Sunday, July 14, 2013

"Local" Bhutanese Foods

If you were asked to describe a typical Bhutanese meal what would you include? Definitely chili. Probably rice. Maybe Kewa Datshi ( potato and cheese with lots of chili). But those are lazy assumptions, sort of  like assuming all Americans eat hamburgers all the time. The truth is that like many other places there is a lot regional diversity. In Bhutan some of that had to do with climate and topography. Its not possible to grow rice everywhere ( thought there are reports that global warming is changing that) in Bhutan and for a long time, specially before the improved road connections and the complete monetization of local economies, staples were what was grown locally. In my home district of Bumthang for example it was buckwheat, further east it was maize. Of course these food practices are quickly changing in a variety of ways and for a variety of reasons. 

Recently the institute where I work had a conference that sought to demonstrate and celebrate "non-mainstream Bhutanese cultures." Of course that meant a lot of academic-y, formal presentations about things like ritual and kinship BUT the organizer also invited members of the communities that were discussed at the conference. They were there both to demonstrate aspects of their "local cultures" and to interact with conference attendees. The highlight for me was that on the final day these special invitees set up a small, edible food display in which they shared some local foods including wild foods that they gathered in the forests near their homes and brought to the conference to share. 

A group from Samtse in Southern Bhutan prepared a shelroti, a well known regional food among ethnic Nepalis across the Himalayas. The twist is that instead of using a mixture of mostly just ground rice to make the deep fried dough, they also added some ground local potato. Additionally instead of using the refined white sugar that makes the bread sweet ( as is increasing the case-- at least in Bhutan) they used jaggery ( a kind of local sugar produce made from sugar cane) to sweeten the dough. The result was both a little more soft and less sweet then the shelroti familiar to most Bhutanese. 


                                         

Here is a picture of the batter, mixed and shaped by hand.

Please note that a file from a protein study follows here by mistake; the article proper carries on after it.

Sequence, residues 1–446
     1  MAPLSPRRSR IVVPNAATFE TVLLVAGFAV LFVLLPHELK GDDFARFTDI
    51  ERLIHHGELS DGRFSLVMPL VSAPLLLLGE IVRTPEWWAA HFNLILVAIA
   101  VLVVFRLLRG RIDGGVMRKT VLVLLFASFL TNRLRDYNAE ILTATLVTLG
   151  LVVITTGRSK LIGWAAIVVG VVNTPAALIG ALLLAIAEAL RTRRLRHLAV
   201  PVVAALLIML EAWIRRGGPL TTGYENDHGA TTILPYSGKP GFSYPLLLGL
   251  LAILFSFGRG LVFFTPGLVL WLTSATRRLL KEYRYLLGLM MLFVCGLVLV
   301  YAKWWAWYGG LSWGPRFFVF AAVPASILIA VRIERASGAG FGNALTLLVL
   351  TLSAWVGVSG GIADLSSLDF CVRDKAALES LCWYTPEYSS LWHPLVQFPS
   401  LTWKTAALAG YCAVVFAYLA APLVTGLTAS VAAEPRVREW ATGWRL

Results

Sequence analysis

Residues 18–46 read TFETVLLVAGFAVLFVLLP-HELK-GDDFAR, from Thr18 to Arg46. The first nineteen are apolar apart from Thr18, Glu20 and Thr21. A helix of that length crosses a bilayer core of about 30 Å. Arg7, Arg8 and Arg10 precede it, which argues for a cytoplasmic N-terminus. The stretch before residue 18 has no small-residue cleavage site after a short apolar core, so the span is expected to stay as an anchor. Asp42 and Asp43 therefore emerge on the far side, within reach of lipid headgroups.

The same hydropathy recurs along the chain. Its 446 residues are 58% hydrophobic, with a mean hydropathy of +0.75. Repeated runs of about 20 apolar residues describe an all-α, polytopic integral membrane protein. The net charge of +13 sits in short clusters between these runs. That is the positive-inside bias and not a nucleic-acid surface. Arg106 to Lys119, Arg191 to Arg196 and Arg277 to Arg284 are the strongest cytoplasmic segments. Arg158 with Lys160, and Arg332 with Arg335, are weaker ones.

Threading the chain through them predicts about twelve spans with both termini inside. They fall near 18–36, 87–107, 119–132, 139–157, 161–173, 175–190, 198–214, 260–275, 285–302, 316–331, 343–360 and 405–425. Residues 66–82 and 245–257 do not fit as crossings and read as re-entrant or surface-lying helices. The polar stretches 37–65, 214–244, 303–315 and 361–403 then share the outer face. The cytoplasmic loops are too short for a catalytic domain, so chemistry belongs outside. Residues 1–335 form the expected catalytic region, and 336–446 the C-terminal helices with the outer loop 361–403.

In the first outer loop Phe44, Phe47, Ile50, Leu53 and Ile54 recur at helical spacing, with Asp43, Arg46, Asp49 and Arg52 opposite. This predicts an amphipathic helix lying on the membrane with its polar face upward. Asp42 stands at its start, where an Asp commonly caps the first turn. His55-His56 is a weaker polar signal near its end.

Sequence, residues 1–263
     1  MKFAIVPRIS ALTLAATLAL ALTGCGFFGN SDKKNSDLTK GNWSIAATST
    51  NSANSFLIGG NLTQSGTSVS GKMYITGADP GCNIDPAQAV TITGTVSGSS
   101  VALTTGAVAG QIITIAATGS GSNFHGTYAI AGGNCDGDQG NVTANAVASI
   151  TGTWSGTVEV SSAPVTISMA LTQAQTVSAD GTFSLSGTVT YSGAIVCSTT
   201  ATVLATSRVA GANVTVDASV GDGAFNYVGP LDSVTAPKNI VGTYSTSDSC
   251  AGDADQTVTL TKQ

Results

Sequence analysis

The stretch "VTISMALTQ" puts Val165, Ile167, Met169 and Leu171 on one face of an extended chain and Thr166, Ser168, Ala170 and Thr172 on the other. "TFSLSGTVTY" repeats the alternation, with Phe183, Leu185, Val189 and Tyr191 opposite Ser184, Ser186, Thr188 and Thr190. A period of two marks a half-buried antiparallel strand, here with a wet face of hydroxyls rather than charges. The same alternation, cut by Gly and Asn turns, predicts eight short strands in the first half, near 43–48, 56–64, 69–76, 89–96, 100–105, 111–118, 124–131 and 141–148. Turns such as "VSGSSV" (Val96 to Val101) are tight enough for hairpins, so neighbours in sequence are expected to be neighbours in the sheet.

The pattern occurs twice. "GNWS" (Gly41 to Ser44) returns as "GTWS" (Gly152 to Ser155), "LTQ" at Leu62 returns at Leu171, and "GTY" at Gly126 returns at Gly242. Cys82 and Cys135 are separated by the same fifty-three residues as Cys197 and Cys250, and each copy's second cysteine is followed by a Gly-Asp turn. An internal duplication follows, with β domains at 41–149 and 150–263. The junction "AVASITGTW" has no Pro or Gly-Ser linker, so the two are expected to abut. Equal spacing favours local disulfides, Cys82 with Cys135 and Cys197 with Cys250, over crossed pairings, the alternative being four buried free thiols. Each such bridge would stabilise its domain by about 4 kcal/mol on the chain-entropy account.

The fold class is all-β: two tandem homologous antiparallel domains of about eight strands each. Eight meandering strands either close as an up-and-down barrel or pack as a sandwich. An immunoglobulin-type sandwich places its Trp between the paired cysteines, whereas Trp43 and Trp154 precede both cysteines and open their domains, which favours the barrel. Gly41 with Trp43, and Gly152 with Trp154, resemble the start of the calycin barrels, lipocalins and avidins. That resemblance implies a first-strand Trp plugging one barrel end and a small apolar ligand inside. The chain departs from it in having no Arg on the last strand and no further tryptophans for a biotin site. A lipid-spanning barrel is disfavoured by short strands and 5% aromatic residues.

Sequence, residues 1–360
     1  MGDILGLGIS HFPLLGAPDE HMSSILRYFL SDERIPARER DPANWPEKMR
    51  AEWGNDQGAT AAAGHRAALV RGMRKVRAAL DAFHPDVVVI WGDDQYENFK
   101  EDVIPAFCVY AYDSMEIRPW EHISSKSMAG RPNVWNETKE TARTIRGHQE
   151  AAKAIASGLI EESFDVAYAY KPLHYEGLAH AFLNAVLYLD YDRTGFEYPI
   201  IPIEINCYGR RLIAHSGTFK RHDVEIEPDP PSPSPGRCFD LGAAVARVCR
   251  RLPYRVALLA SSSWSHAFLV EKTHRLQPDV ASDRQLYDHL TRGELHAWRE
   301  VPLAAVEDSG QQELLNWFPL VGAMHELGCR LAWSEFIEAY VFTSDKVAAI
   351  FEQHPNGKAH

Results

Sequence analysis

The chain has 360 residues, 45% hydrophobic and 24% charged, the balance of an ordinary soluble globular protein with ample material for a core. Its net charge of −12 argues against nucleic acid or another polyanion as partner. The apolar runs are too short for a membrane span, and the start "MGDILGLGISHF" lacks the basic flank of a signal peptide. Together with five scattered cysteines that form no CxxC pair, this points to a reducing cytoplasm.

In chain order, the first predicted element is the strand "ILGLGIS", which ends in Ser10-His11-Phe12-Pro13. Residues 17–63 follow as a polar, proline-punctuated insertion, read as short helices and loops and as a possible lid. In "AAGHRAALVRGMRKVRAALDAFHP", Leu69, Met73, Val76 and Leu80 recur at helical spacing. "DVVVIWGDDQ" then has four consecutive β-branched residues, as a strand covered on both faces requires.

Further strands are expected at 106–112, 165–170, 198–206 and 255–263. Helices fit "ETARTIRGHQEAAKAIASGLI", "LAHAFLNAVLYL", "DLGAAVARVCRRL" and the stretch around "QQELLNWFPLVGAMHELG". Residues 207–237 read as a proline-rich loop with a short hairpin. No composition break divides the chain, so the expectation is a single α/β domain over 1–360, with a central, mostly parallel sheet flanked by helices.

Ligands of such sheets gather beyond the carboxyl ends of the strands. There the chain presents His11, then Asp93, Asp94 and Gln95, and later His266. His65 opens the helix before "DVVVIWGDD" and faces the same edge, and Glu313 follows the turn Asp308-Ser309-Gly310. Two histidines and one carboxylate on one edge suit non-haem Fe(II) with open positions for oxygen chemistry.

This is a picture of the shelroti being deep fried.



And here is a box of the final product. This was definitely one of the hits of the food display. We saw a lot of nicely dressed women filling their handbags with shelroti to take home and share with their families.


Below are  pictures of some of the wild foods that were on offer.


This pinkish mixture (don't worry that is food coloring NOT chili!) is a banana flower soup.



This is a wild mushroom that I have written about before, jilli namchu.



I look like I am holding some kind of a nut but this is a actually a kind of wild tuber or potato from Zhemgang, Central Bhutan. This particular potato had to be cooked overnight to get rid of its natural poison!

Below are two other kinds of wild potato also from Zhemgang.




And below that are two kinds of millet that were grown and eaten by a group in Southern Bhutan called the Lhop. In both cases the millet is cooked into a sticky, dough-y consistency. It was a pre-rice staple.



Above is foxtail millet.






And this dark brown mixture was made of finger millet.



Below is a picture of the food display and the crowd hearing about the each of the dishes before they got to sample them.



 And finally here is my plate of goodies. The liquid is actually home brewed alcohol which also proved to be very popular! My favorites were actually the banana flower dishes and the wild potato.



 I think the nicest thing about the event is that for many of the Bhutanese attendees this was an important opportunity to hear about and taste unfamiliar local foods from different parts of Bhutan.  It definitely expanded our definition of what counts as  Bhutanese food!


* For those of you who are interested the conference was called "Leveraging Cultural Diversity"  and it was hosted at Royal Thimphu College, where I currently teach, in collaboration with the Swiss development organization Helvetas. You can read more about the conference  here , here and  here.

1 comment:

  1. Thanks for writing about this topic. I have often wondered about what people were eating in Bhutan before the popular non-native staples arrived (chilli, potato, rice, tomato, maize and so on).

    I am also curious about what institute you are working at now, although I know there is only a limited number of organizations it could be...

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